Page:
Breakfast, lunch and dinner are prepared Monday to Sunday by the centre’s chef, who offers delicious Indonesian dishes. There are only vegetarian dishes served, supplemented with regular fish and egg dishes.
As a volunteer, you will work six days a week. One day a week you can join the weekly shopping trip to buy snacks. On your day off, you can take a taxi to Manado, a city with over half a million inhabitants, where there is a wide selection of restaurants, bars, shopping malls and cinemas. The local village is also worth visiting and the curious villagers will happily practice their English with you. On Sundays you can visit neighbouring national parks, try to hike up a volcano or enjoy the snorkelling and dive sites. After or before your time at the project, you can visit Bunaken Island National Park 30 km off the Manado coast, boasting some of Southeast Asia’s best dive spots.
In south-east Asia the fascinating island kingdom of Indonesia is made up of over 17,000 large and small islands of which only 6,000 are inhabited. The landscape is magnificent with its beautiful volcanic scenery, snow white beaches and tropical jungles to its snow-capped peaks of West Papua. Indonesia has the world’s second largest rainforest with unique flora and fauna, including the amazing primates, the Orang-utans. This country can be described as one of great diversity, where the people, customs and practices vary considerably in each and every province, making each state feel like you are traveling to a new country. Indonesia has 215 million people inhabiting its islands – from more than 200 ethnic groups!
Rainforest devastation is a big threat to all the animals and plants in Indonesia, with over 140 species under threat of extinction. With the rise in illegal trade of rare species, the situation has worsened. Several areas have been established as nature reserves under the UNESCO to try and lessen the plight of many of Indonesia’s animals.
Northern Sulawesi is a year round destination. February to October is considered dry season with good weather and plenty of sunshine. When the west monsoons sweep across between November and January it can rain, but usually only during a part of the afternoon.
Flight tickets are not included in the price of the trip. Your ticket should be booked so you arrive to Manado’s Sam Ratulangi International Airport, MDC, on Monday (the same day the project starts). You should not arrive later than 6 pm; if you do you will need to spend a night in a hotel close to the airport. Your last work day would be Friday after the number of weeks you have chosen to work as a volunteer. If you would like to travel home straight after the end of the project, then you should book your return ticket to Monday. Make sure that you check that the arrival and the departure dates on your ticket are correct.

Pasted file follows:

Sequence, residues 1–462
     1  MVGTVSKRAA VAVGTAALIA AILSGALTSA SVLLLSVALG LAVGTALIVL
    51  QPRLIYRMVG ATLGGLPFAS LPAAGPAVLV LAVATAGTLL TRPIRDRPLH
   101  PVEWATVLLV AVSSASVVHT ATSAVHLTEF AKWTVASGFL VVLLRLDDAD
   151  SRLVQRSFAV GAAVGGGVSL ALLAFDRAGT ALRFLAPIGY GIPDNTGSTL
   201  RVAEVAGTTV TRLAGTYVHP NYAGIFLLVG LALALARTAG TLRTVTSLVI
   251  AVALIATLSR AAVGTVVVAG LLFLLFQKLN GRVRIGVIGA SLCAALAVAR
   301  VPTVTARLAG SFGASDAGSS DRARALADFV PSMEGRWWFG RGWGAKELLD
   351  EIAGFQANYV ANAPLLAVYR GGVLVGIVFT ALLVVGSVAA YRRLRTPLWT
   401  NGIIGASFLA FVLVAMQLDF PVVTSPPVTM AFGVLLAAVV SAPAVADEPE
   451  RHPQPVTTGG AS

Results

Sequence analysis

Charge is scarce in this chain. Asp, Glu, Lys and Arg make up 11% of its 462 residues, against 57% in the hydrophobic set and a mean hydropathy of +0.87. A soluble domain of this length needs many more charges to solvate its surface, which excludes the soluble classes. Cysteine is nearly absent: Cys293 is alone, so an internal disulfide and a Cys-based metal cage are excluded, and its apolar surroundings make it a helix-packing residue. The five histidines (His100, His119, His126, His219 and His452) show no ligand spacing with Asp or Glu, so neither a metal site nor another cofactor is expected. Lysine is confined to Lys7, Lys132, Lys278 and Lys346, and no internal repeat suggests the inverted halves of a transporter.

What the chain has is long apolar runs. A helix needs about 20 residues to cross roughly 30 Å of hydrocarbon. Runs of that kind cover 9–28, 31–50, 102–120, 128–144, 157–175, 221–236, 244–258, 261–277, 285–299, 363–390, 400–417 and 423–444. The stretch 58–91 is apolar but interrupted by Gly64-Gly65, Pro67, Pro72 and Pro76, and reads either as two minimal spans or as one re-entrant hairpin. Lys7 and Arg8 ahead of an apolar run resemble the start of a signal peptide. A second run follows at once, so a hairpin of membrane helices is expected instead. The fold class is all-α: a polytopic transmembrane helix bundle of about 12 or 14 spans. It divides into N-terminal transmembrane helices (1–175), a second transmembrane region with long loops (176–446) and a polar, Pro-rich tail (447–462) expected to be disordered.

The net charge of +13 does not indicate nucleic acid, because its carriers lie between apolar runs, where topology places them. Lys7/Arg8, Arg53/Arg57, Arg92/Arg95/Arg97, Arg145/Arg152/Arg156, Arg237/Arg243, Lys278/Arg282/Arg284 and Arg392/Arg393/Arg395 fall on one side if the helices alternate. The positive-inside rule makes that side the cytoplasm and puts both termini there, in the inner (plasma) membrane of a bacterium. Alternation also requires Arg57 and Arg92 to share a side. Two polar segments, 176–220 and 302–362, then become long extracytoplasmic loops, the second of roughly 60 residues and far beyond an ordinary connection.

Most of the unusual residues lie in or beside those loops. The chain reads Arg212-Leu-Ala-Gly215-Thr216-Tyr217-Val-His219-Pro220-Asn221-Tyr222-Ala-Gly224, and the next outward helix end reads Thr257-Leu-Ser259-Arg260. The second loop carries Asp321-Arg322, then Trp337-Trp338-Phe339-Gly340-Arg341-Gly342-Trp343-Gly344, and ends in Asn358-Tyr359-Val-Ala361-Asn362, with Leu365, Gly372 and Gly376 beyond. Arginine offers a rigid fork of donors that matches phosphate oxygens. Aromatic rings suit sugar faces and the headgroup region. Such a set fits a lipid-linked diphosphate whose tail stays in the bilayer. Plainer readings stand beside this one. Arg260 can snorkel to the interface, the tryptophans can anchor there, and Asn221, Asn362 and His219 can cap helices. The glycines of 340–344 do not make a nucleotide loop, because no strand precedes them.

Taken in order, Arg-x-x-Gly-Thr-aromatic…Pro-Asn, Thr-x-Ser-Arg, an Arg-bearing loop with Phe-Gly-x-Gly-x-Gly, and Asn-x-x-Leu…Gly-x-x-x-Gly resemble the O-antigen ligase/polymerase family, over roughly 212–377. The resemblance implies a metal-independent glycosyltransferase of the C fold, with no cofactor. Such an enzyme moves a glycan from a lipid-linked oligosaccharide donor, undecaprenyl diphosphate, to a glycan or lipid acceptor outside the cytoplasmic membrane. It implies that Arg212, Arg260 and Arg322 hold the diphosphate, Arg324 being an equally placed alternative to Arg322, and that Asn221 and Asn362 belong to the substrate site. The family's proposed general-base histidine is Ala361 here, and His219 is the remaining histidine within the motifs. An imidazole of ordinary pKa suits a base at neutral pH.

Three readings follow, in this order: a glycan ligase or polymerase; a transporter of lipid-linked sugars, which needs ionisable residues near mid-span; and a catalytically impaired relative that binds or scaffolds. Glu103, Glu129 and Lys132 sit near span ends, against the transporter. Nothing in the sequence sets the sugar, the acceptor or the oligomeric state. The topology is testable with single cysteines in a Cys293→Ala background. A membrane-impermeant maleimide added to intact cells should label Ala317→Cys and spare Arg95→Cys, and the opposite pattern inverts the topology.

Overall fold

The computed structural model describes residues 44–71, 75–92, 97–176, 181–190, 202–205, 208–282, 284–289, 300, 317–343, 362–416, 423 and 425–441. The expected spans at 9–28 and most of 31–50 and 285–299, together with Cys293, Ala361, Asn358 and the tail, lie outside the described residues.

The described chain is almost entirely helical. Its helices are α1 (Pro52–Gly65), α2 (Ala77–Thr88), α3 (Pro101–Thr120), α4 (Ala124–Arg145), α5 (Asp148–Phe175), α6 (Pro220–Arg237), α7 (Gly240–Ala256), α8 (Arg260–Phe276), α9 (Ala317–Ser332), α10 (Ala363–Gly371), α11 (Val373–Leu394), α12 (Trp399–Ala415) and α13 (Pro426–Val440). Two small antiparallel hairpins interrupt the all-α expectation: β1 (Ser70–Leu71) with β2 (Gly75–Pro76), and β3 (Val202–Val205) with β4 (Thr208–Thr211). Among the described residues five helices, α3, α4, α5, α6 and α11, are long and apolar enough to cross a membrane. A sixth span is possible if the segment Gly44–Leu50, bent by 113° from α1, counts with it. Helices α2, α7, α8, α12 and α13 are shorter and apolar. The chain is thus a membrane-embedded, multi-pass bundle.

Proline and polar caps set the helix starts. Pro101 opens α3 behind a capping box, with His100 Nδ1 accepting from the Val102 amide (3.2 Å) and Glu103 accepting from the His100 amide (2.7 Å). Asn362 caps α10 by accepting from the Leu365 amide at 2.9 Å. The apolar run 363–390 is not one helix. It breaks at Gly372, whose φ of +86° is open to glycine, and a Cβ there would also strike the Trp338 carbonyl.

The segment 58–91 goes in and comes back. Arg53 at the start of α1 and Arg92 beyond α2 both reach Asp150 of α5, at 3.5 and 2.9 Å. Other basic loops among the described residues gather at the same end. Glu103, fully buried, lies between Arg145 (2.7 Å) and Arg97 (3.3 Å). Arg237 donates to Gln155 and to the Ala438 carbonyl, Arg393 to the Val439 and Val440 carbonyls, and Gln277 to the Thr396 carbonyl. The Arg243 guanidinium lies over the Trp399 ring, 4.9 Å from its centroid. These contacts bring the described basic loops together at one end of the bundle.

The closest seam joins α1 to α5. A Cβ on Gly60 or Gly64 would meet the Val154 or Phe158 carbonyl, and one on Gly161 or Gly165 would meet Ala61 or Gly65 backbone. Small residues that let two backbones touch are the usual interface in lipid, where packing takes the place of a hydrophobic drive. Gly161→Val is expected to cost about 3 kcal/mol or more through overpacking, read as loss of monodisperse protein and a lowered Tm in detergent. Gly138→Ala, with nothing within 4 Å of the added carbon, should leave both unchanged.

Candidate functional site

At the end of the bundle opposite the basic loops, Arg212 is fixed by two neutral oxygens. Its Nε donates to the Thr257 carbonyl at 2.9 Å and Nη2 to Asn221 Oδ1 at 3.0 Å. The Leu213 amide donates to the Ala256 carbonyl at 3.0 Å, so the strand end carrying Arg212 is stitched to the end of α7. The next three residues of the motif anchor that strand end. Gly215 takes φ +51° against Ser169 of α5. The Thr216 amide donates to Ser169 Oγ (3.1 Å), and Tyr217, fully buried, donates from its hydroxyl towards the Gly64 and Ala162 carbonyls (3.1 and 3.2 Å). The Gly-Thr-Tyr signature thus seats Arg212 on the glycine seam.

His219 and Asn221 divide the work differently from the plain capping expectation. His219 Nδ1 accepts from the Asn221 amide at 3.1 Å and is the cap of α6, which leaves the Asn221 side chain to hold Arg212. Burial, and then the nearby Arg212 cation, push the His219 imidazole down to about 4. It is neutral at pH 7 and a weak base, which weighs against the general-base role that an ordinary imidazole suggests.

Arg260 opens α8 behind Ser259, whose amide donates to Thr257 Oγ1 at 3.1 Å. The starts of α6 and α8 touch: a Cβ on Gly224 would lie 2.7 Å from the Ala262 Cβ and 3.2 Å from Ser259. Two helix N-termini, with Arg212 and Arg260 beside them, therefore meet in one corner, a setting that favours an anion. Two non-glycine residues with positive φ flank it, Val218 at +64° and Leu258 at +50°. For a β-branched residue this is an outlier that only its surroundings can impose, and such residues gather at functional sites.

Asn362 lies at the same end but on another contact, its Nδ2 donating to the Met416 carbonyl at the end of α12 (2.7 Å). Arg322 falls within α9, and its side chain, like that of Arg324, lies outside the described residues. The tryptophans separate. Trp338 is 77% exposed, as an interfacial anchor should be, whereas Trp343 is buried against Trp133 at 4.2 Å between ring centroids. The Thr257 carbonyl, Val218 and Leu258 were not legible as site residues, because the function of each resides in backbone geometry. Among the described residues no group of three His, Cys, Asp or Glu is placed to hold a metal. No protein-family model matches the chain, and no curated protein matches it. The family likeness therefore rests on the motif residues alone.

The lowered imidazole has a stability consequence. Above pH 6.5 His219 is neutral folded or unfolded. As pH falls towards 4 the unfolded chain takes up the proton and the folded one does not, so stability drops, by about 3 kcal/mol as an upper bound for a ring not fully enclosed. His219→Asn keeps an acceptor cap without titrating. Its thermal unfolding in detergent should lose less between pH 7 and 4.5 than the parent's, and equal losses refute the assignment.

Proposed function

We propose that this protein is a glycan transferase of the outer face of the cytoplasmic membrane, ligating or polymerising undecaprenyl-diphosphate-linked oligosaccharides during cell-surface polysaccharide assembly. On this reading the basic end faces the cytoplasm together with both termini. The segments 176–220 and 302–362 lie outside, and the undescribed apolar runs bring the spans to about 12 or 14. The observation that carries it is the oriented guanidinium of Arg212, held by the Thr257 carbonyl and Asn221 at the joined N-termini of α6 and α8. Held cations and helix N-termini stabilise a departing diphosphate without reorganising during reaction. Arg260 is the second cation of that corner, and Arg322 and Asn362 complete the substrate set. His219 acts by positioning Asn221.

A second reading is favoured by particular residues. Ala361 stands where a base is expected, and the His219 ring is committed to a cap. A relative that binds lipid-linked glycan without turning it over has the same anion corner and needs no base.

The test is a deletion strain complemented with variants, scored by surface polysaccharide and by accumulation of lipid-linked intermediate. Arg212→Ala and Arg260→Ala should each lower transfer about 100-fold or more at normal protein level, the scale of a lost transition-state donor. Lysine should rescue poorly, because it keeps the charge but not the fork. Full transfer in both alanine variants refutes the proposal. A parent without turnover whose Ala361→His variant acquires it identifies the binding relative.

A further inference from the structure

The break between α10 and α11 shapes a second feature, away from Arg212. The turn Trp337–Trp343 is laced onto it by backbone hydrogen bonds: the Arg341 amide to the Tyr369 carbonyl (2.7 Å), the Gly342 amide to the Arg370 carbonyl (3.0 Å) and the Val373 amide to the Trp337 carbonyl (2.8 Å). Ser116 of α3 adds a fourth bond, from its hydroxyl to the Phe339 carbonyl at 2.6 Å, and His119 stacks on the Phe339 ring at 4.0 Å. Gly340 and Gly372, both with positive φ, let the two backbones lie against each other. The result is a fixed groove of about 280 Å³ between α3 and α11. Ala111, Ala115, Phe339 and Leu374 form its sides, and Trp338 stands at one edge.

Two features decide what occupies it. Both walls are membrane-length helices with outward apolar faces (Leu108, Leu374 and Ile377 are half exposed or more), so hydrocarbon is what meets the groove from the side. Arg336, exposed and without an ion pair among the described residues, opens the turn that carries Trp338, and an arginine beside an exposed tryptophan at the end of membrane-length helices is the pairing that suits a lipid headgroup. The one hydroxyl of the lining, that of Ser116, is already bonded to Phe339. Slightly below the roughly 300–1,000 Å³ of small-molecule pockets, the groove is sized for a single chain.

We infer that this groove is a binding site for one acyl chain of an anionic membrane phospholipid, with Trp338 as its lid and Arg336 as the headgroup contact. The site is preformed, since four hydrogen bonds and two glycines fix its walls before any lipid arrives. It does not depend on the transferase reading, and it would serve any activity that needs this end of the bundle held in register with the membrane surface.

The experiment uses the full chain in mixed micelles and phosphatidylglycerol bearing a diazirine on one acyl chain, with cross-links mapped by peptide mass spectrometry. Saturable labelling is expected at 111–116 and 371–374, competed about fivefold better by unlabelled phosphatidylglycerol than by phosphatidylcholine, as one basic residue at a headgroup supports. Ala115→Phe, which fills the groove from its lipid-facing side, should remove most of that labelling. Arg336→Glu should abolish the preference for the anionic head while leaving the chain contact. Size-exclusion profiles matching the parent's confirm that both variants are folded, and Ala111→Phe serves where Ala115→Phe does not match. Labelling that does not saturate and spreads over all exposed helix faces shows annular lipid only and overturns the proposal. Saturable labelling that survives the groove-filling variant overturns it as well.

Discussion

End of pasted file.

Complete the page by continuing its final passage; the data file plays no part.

It is the volunteers responsibility to acquire the right visa for the trip. Different visa rules may apply depending on your nationality. Visit the embassy web page of your destination to find out what the visa terms are between your country and that destination.
It is your responsibility to make sure that your insurance covers illness, injury and theft whilst you are volunteering. Most travel agency’s sell a travel insurance that is valid for volunteer work, so be sure to enquire about it when booking your flight tickets. Volunteer Travels does however, supply liability insurance and is included in the price. Liability insurance applies to instances when compensation for damages is demanded of you, as a private person, for unintentionally hurting someone or for unintentionally damaging someone else’s property.
For any questions regarding vaccinations, you should contact a vaccination centre in your home country. They will tell you which vaccinations are necessary for traveling to Indonesia. Vaccination against Hepatitis A and B is always recommended when travelling abroad.
The centre requires that you have vaccination against Hepatitis A and B and tetanus. They also require an English written test results for Tuberculosis, Hepatitis C and HIV. They need these tests to protect the health of the primates that live there. If you are infected, you can still work at the centre providing that the disease is under control and that they know about it.